Orthognathic Surgery

What is orthognathic surgery?

Orthognathic surgery is a surgical procedure that is used to correct the position of the jaws. It is nearly always carried out in combination with orthodontic treatment.

Is it just a type of cosmetic surgery?

While having surgery will result in an improvement in facial appearance, orthognathic surgery goes beyond just cosmetic improvement. The underlying mis-alignment of the jaws is corrected which improves the way your jaws come together and function. This can result in improvements in eating, biting, speaking, and of course, self-confidence.

Who carries out the surgery?

This person is an oral and maxillofacial surgeon. Orthognathic surgery is carried out by this highly trained surgeon who is often qualified as both a dentist and a doctor.

Why do I need braces as well?

People who need orthognathic surgery usually also have teeth which are not lined up. Braces are needed in order to straighten the teeth and put them in their ideal position for when your jaws are moved to their ideal position.

Can I just have the braces without the surgery then?

Braces alone will straighten your teeth. Braces can also improve bites which are mildly out of line. If you have a bite which is significantly out of line, your bite will not change with braces alone. In fact, sometimes it can get worse with braces.

Straightening the teeth without correcting the bite can make your teeth more vulnerable to damage and they are highly likely to move back to their original position. If you did have braces without the surgery, you would need to be very good with wearing your retainers for as long as you want your teeth to remain straight.

Which jaw is moved - the upper or the lower?

Before you start any treatment, a series of records will be taken as outlined in Your First Visit. You will then be seen for a joint consultation where you will meet the orthodontist and the surgeon. Detailed analysis of your records will have been carried out prior to this visit. This analysis will determine how the teeth will be lined up and whether the upper or lower jaw needs to be moved. Sometimes, both jaws need to be re-aligned. It is a good idea to bring a close family member or friend with you to this joint consultation. Two pairs of ears are better than one, especially because you will be given a lot of information at this visit. It is also useful to make a list of questions you may want to ask about the orthodontics and the surgery at this visit.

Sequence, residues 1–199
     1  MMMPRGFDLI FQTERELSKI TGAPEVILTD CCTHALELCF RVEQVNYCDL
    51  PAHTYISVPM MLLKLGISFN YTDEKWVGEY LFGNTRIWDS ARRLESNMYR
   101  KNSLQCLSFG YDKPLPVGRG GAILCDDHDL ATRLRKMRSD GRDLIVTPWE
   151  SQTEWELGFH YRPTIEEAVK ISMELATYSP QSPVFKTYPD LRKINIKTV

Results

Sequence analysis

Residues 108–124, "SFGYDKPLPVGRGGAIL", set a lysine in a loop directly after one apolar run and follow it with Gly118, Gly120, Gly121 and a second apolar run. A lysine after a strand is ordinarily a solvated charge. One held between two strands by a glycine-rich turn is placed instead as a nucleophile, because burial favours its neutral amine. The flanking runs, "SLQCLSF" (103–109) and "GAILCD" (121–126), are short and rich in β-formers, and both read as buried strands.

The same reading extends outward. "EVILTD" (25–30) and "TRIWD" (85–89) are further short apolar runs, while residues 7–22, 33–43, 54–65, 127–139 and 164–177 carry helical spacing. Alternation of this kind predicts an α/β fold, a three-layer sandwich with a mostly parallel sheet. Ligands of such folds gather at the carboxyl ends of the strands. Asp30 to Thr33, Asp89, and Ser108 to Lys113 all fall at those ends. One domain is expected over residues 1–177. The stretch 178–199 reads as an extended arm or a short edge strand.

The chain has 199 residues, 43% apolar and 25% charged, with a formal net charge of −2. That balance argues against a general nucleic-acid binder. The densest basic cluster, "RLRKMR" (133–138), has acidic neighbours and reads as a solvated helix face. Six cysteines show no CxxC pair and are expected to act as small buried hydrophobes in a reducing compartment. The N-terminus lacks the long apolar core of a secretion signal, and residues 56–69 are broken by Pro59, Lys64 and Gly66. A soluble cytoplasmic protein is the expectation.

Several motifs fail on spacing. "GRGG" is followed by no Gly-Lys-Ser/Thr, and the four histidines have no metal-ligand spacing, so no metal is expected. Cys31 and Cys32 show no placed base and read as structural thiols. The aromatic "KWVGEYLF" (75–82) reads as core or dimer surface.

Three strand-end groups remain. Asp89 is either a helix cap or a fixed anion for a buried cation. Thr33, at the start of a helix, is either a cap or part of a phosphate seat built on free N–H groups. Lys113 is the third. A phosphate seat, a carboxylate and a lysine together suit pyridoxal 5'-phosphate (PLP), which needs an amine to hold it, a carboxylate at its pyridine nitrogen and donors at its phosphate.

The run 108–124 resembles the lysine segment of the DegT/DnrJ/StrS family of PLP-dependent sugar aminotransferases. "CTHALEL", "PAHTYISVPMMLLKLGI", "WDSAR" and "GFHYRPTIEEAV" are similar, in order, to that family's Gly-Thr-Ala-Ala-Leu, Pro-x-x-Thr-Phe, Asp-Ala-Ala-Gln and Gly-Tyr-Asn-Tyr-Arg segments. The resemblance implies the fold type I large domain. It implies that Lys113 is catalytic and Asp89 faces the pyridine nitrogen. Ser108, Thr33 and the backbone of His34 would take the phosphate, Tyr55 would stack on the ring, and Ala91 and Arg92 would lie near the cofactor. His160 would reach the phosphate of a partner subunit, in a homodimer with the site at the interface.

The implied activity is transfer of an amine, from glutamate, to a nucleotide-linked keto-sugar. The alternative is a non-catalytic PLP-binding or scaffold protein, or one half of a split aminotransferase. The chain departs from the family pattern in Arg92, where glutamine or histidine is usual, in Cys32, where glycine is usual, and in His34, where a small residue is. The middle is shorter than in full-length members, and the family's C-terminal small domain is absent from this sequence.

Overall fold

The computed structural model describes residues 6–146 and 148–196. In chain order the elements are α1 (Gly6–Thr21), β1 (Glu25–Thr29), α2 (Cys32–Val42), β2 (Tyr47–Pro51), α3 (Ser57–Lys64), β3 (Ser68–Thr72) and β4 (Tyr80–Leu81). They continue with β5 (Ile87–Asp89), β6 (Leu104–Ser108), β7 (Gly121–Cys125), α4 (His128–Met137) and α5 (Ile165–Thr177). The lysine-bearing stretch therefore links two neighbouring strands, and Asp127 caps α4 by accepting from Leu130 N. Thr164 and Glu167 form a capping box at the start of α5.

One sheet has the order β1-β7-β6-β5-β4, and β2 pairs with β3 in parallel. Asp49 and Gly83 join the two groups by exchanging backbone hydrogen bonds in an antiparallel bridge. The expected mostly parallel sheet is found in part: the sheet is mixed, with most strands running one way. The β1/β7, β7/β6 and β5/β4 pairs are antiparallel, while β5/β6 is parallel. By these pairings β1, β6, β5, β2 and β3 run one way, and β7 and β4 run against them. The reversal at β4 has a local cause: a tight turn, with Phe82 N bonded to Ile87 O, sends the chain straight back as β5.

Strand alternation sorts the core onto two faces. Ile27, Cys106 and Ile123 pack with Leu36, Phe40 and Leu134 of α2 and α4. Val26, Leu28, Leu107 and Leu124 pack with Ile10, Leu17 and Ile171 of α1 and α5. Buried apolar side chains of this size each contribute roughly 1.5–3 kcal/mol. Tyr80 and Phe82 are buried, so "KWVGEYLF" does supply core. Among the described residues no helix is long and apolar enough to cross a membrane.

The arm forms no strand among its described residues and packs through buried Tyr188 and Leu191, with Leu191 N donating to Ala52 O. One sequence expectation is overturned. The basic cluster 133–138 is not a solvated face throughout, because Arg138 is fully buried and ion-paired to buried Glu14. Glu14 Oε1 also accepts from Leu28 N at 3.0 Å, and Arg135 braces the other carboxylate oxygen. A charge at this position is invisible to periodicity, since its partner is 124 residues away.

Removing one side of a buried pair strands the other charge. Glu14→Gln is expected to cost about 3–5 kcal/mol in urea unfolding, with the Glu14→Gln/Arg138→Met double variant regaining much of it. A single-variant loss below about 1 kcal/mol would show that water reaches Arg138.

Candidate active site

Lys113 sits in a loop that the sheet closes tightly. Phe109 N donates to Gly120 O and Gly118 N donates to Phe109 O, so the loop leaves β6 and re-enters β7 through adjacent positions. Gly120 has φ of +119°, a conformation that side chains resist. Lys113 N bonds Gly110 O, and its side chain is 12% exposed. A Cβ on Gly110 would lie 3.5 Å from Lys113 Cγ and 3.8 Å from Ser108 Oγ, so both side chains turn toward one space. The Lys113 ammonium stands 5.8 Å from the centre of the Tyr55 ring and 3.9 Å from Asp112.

Your orthodontist will take over next and your braces will begin shortly after this visit. When you are almost ready for the surgery, you will have another joint consultation. Another analysis will be carried out and a final plan for the surgery will be confirmed. You will be able to see the final bite on a jaw simulator at this visit.

The surgeon will then take over and book your hospital stay. The braces will remain on your teeth during this time. Once the surgery is completed, you will go back to the orthodontist to have the orthodontic treatment finished.

How long will all this take?

The phase of brace work before your surgery is generally about 12 to 18 months, and then the braces stay on for up to 6 months after your surgery. However, patients usually have their braces removed around 3 months after surgery.

The duration of your surgery will depend on if just one jaw is being moved or both and can vary from 2 to 6 hours.

What does the surgery itself involve?